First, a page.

Over the years, the world's top motocross riders have discovered a truism. Although most of the GP's in the world championship series take place on hard tracks, history has proven that more often than not, it is those riders who also master sand riding skills that rise to the top. In his relentless pursuit of world championship glory, Xavier Boog has subscribed to this theory, and he can often be spotted honing his sand riding skills in the deep sand of Lommel.
Not wishing to leave anything to coincidence, the affable Frenchman is prepared to do all that it takes to clamber his way to the top of the world. It was no surprise then to see his name amongst the entrants for the first Dutch Championship race of 2009 at Gemert. The deep sand track of Holland have a reputation as giant slayers, and have often swallowed riders whole, reputation and all.
Xavier's race day started a little shy of absolute brilliance, as he struggled to find a proper rhythm during qualifying. In a session that left him more frustrated than anything else, he only posted the 26th fastest time, leaving him with a poor gate choice for the races. The bad gate pick translated into a mediocre start in race 1, and Xavier's Teka Suzuki was buried deep in the pack as the field passed Gemert's terrifying full speed chicane for the first time. Xavier is experienced enough though to realize that, although a good start is very important, a good race result is built op over a period of time, particularly so on the energy-sapping, body-thumping Dutch tracks that often turn races into tests of endurance.
Xavier commenced his thrust to the front straight away, and within one lap, had gotten by some stragglers to move into a top 20 position. Lap for lap he advanced, and as he got nearer the top 10, started enjoying, if enjoying is the word, the company of some accomplished sand riders. After a brief struggle , he disposed of German-based Lars Oldekamp, and set off in pursuit of one of Holland's more accomplished sand rabbits, Rinus Van der Ven. He homed in on the Dutchman like a Somalian pirate on a fully laden freighter, and on lap 13, he made a successful move around Van Der Ven to move into the top 10. As race weariness set in, and most of the riders had their proverbial tongues hanging in the spokes, Xavier's hard-won fitness started playing a role. He gained two more spots to cross the line eighth, after a hard fought catch up race.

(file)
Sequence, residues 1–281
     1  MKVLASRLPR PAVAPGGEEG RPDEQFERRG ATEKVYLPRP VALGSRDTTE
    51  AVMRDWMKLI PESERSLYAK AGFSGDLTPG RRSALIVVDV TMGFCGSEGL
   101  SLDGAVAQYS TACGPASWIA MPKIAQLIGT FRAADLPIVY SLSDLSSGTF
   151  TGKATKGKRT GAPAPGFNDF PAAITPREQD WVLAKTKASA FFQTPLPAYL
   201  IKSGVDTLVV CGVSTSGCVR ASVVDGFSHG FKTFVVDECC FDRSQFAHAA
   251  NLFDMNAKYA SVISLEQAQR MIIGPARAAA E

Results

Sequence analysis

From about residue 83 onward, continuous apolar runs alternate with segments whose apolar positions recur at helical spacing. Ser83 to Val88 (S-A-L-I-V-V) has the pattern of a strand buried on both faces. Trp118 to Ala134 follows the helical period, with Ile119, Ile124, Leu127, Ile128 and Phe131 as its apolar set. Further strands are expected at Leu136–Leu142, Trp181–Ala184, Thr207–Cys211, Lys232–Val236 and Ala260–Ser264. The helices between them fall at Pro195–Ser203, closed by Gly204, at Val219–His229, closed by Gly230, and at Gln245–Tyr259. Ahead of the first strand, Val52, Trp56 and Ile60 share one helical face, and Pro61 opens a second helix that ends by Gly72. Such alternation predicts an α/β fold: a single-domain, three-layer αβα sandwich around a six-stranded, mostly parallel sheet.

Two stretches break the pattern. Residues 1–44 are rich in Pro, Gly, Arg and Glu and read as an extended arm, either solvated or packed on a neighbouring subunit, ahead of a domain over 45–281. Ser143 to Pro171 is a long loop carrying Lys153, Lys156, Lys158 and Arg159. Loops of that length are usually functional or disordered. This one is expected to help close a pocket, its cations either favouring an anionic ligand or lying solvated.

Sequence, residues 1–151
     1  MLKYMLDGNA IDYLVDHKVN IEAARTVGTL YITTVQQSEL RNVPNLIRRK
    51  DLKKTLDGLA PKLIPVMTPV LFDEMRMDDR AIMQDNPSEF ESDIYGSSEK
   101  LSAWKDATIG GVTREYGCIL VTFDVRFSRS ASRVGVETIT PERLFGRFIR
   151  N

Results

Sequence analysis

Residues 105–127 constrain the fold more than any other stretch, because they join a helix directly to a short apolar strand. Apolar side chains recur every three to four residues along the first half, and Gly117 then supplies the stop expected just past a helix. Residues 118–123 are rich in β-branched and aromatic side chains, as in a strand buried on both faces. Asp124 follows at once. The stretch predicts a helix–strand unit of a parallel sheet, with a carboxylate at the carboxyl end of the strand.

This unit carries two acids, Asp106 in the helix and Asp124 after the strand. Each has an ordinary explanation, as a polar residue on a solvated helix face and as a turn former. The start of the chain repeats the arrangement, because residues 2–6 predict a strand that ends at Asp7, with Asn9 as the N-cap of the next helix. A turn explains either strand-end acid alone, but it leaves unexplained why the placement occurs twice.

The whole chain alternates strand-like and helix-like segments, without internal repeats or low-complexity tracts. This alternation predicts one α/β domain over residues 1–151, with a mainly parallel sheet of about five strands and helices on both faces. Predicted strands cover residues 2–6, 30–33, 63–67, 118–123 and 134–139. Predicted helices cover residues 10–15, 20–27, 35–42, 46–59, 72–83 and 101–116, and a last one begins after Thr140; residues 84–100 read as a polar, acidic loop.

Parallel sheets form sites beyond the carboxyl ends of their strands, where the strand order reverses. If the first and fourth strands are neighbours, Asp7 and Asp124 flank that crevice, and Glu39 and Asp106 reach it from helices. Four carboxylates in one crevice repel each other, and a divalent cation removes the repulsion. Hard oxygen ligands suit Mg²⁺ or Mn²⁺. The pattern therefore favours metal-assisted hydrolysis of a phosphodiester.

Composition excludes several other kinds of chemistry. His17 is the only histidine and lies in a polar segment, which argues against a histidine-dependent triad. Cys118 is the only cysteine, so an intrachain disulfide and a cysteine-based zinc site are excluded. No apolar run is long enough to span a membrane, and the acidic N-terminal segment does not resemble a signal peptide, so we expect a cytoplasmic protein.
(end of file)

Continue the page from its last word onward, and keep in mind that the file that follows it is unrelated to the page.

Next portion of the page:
Despite his gallant effort, Xavier was rather piqued about the outcome of the first race, and thus spurred on, his start in race two was far and away a better effort. This time he slotted straight into the top 10, and naturally found himself in the company of the sand riding elite. This of course makes gaining positions a much more hard-fought affair, but he nevertheless gained a couple of spots, and as he passed Jeremy Van Horebeek with a few laps to go, he secured seventh place, both for the race and in the overall result.
Despite a solid result, Xavier was not quite beaming with happiness after his outing. "It could be better," he said after his post race shower. "The start in the first race was terrible, and I lost my rhythm in the middle part of the race. The second start was better, but I still need to be faster in this type of sand." His usual good spirits however bubbled to the surface again soon after. His eyes drew in crescent-shaped slits as he verbally chastised himself, and there is no doubt that it will be with redoubled efforts that Xavier Boog rolls out for action at the first GP in Faenza, Italy, on 29 March.